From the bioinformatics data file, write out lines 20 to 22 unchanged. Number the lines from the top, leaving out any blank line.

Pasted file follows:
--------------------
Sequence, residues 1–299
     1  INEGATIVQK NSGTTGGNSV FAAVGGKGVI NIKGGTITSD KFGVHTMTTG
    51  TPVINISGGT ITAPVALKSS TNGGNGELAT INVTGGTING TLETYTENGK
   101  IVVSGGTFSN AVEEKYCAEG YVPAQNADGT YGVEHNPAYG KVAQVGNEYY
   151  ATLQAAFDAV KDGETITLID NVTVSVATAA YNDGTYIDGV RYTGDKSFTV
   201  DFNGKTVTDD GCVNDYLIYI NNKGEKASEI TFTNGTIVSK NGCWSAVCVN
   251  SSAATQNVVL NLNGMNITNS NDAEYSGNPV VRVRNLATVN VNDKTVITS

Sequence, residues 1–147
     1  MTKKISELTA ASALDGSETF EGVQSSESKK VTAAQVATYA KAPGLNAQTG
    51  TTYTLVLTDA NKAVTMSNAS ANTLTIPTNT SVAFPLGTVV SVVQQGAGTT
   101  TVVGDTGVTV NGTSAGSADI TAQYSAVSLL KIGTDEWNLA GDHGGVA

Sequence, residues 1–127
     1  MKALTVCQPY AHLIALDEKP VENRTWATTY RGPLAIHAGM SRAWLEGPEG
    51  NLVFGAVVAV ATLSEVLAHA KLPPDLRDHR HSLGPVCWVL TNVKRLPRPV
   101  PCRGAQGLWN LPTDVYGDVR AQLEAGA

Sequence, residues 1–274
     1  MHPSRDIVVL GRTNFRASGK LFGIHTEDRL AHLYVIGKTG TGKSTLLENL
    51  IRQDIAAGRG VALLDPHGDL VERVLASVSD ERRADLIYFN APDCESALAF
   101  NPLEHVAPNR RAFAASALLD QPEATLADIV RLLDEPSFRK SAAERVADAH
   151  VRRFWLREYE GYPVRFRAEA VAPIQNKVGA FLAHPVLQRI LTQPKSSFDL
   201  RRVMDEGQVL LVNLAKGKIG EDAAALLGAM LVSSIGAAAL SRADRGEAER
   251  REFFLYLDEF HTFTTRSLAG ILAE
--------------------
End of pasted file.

   151  VRRFWLREYE GYPVRFRAEA VAPIQNKVGA FLAHPVLQRI LTQPKSSFDL
   201  RRVMDEGQVL LVNLAKGKIG EDAAALLGAM LVSSIGAAAL SRADRGEAER
   251  REFFLYLDEF HTFTTRSLAG ILAE